New York City Tourism + Conventions Invites Visitors To Staten Island Like A New Yorker

September 07, 2023

New York City Tourism + Conventions Invite Travelers and Locals Alike to Experience Staten Island.

New York City Tourism + Conventions, New York City’s official destination marketing organization, and convention and visitor's bureau for the five boroughs of New York City, invites Southeast Asia visitors alike to Staten Island Like a New Yorker as part of the organization’s Get Local NYC initiative.

New York City Tourism + Conventions Invites Visitors To Staten Island Like A New Yorker

New York City Tourism + Conventions Invites Visitors To Staten Island Like A New Yorker

    Staten Island, a well-known borough among budget travelers, for a great view of the Liberty Statue by taking a free ferry from Battery Park, Manhattan.

    For experienced travelers, New York City’s southernmost borough is filled with historic attractions, beach views, and global dining options—all just a ferry ride away.

    History buffs will want to see the Conference House, where Ben Franklin and John Adams tried to broker peace with the British in 1776. Visitors can also see the farm where Frederick Law Olmsted experimented with landscaping before designing Central Park; and Historic Richmond Town, a village dating to the late 17th century.

    Baseball fans will want to catch a game with the FerryHawks while enjoying stupendous views of the Manhattan skyline across New York Harbor.

    Shopaholics will love the Empire Outlets, New York City's first and only outlet shopping mall.

    Kids will love the Staten Island Zoo and Children’s Museum.

    Other unique points of interest on Staten Island include the Chinese Scholar’s Garden at Snug Harbor; the National Lighthouse Museum; and the Jacques Marchais Museum of Tibetan Art.

    Admirers of the Catholic activist Dorothy Day, who devoted her life to serving the poor, can pay respects at her gravesite and explore the remnants of the bungalow beach community where she lived.

    “Staten Island is home to an incredible variety of historical sites, attractions for families, cultural enclaves, and beautiful areas to enjoy nature, whether biking, birdwatching, or relaxing on a quiet beach,” said New York City Toursim + Conventions President and CEO Fred Dixon.


    Staten Island has more than 60 neighborhoods scattered across 60 square miles. It is more suburban than most of NYC, with the fewest residents of any of the five boroughs (population 500,000). It also has the highest percentage of people who own their own homes (66%) and the fewest tall buildings (20 stories is as high as it gets on Staten Island).

    Here are details on some of the Island’s attractions, restaurants and places to shop, organized by location.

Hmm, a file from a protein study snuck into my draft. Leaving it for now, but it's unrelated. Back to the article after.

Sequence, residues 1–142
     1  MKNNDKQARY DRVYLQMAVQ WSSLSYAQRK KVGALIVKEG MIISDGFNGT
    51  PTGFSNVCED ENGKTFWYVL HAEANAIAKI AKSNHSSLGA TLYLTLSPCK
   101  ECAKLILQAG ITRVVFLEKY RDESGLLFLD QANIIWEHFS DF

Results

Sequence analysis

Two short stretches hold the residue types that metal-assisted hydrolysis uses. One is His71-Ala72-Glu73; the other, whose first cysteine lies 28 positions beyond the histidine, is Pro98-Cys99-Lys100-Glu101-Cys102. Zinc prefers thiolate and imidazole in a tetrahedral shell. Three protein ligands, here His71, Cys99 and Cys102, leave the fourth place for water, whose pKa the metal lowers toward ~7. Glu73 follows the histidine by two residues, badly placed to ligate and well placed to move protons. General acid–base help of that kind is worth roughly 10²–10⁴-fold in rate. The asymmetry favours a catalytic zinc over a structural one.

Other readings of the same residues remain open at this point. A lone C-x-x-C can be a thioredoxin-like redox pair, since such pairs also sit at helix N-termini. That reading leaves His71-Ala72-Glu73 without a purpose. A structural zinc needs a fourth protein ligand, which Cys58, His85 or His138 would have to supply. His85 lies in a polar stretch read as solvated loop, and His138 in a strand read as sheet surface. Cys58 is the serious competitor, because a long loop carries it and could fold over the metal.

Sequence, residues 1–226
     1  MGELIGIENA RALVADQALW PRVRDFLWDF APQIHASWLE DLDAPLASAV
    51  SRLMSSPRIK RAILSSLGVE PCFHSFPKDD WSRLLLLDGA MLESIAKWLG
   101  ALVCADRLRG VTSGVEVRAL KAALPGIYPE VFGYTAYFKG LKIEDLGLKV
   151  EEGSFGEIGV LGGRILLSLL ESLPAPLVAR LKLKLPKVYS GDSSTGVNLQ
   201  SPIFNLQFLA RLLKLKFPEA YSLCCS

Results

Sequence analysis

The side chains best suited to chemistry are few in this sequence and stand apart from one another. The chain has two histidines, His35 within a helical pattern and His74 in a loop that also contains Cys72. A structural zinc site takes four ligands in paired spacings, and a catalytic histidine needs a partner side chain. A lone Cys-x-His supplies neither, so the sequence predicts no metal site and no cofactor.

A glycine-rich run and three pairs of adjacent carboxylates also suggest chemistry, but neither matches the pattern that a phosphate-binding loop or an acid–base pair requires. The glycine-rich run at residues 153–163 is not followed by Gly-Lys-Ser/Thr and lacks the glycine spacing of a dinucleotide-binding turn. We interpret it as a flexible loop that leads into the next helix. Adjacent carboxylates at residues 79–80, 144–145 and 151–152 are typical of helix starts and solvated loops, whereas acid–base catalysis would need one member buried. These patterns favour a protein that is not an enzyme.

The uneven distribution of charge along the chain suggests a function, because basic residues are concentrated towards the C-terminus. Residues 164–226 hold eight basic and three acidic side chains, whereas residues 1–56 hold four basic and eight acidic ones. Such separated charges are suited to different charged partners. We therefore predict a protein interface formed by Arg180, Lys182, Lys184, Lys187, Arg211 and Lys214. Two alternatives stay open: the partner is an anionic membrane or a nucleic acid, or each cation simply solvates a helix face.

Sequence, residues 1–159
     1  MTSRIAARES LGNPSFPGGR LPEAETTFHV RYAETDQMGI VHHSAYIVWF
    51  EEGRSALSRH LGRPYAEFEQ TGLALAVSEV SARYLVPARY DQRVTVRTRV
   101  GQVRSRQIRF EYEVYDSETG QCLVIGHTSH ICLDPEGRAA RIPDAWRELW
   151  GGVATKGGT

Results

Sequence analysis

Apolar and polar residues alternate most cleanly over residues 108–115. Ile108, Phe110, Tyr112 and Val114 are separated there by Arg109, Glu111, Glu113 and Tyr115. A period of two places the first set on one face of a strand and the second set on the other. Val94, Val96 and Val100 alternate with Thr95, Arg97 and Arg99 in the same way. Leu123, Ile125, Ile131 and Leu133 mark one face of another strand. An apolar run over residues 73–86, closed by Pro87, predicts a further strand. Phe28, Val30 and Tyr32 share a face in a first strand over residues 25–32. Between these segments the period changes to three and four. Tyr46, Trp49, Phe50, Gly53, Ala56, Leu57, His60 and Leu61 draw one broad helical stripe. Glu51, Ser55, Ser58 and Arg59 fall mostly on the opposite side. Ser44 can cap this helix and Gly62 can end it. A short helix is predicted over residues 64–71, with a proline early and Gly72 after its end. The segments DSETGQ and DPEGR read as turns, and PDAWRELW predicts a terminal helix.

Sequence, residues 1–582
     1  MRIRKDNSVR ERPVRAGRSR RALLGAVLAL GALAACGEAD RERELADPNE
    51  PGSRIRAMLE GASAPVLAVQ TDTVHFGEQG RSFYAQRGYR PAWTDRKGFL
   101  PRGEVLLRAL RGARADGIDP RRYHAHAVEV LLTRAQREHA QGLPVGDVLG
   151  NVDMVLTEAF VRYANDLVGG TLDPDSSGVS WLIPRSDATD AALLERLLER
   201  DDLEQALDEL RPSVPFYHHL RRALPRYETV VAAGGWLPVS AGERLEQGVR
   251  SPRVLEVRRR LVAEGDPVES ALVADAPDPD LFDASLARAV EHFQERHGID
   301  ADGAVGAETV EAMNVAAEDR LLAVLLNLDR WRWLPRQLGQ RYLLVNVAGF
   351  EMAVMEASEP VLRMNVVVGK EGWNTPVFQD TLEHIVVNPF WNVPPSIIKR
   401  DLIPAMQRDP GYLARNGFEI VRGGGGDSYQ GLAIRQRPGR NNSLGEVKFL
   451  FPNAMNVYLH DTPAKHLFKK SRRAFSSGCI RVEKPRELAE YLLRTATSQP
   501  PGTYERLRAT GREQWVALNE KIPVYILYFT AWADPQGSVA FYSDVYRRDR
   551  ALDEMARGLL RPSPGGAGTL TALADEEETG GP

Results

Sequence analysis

Take the ferry to St. George and enjoy views of the Manhattan skyline from the North Shore Waterfront Esplanade. Look for Postcards, a stirring memorial to the 275 Staten Islanders who perished on September 11, 2001. The National Lighthouse Museum is within walking distance from the ferry, as is the ballpark where the minor-league FerryHawks baseball team plays. Go for the views as much as for the game, hot dogs, and beer. Or choose from more than 70 types of beer at the Flagship Brewing Co., less than a mile away.

    Next to the ferry terminal is the City’s only outlet shopping mall, Empire Outlets. Stores include Nordstrom Rack, Patterns & Dots, Cotton On, Lids, Nike, Banana Republic, Gap, H&M, Old Navy, Parfum Europa, Samsonite, iOptics and Guess. 

    The mall’s inviting outdoor spaces, fun food trucks and waterfront vistas make it a great place to spend the afternoon. Don’t miss Clinton Hall, an airy outdoor bar on an upper level with swings and games like Jenga and cornhole. On-site stores can validate parking passes for the mall’s indoor parking lot.

    The nearby St. George Theatre opened in 1929 as a grand movie-and-vaudeville house. It has been used as a location for movies like The School of Rock and TV shows like Gossip Girl. The theater has hosted everyone from Al Jolson to Jerry Seinfeld. Shows scheduled for 2022 included Melissa Etheridge and Paul Anka.

    Dining options in the area include Pier 76 (go for the thin-crust pizza) and Enoteca Maria, which features real grandmothers’ cooking from their native cuisine on a rotating schedule. For those into classic comic books, Hypno-Tronic Comics is a must.


    The Snug Harbor Cultural Center & Botanical Garden is about two miles north of the ferry terminal along the island’s North Shore in the West New Brighton neighborhood (20 minutes via the S40, S44 or S46 bus lines). Snug Harbor was founded in the 19th century as a retirement home for sailors; five of its original Greek Revival buildings are city landmarks.